The images I selected all coming from Beyonce’s visual album are put together to form a lose creation story. Inspired by Botticelli’s, “The Birth of Venus,” I wanted to make a dark, euphoric vision of a contemporary goddess of Love being born of sea foam. Since in some myths Eros has be said to been birthed simultaneously alongside/from Venus, I used images of the Beyonce as the Virgin Mary superimposed over images of Beyonce’s most suggestive poses to show how Love, Desire, and Passion coincide with one another. I think that Beyonce, on the surface, appears to have it all: an empire, a husband she loves, and a beautiful daughter. I’m sure the pure passion and power of eroticism displayed in this video piece and in everything that Beyonce does might be how she got it.
I loved every minute of the research and making of this piece and I hope you do as well. Luminas’ remix to “Partition” can be found here on my Soundcloud. The link to Audre Lorde’s reading of “The Erotic as Power” can be found here. Enjoy!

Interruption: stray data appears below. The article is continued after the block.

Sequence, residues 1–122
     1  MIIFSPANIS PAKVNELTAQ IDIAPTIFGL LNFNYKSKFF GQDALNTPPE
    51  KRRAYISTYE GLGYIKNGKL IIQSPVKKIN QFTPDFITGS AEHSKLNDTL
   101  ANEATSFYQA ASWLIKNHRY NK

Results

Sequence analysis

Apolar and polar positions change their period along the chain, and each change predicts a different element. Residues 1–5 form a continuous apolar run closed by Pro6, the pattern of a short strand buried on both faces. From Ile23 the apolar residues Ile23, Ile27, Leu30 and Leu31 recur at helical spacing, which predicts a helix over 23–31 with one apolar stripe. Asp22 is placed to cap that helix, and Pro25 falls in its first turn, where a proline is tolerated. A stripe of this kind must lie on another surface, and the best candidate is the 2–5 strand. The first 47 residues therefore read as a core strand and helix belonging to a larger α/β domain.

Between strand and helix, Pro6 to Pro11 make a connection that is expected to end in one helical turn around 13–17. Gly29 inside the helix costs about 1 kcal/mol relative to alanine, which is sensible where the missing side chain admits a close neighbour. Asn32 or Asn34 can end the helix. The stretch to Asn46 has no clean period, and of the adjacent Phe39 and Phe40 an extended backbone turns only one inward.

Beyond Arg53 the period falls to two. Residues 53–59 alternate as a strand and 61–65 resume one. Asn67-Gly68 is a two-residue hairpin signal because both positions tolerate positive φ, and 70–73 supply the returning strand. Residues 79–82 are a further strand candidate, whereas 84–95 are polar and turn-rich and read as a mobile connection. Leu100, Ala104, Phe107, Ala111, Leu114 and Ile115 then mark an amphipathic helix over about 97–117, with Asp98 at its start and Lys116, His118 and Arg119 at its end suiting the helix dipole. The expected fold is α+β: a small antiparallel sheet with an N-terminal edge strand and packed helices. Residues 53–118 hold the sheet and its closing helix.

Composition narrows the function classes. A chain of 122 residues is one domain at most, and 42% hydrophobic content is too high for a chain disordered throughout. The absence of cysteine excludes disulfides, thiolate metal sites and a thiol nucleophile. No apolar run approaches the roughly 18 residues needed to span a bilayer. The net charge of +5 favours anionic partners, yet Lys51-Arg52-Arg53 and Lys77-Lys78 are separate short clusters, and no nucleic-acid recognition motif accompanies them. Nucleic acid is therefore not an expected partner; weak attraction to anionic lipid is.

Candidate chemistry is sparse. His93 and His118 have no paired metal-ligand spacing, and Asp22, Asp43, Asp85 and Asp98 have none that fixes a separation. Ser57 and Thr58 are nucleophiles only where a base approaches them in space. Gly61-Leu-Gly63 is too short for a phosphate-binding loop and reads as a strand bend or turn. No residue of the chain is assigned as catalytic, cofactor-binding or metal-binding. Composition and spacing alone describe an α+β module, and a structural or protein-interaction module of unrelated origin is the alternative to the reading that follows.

“I just wanna be the girl you like…the kind of girl you like.”
First and foremost, I’m a 90’s baby. I remember baby bottle pops, Spice Girl stickers, my Barbie Jeep and BET Uncut fondly. Back then, music videos were at their peak. Intricate plot lines, gorgeous female leads, and the best music around made them simply unforgettable. R Kelly and Mr. Biggs always had the same story where Kelly steals Mr. Biggs super hot and super too young for him girl, and TLC always managed to bring crazy, sexy and cool to every set. While Ciara has to do a strip tease in nearly every video to get noticed, all Chili, T-Boz and Left Eye had to do was throw on some silk pajamas, let their incredible abs show, do some catchy dance moves (like the one at 1:44) and they made a classic. So here’s a mashup of two of my favorite music vids from back in the day set to an amazing remix of TLC’s “Creep” I found on Kaytranada’s Soundcloud that I reposted on to mine at soundcloud.com/zeniaaaa. Hope you enjoy and remember, especially as we get nearer to Valentine’s Day, don’t mess around with anyone’s affection and if you must creep around for attention, just keep it on the down low.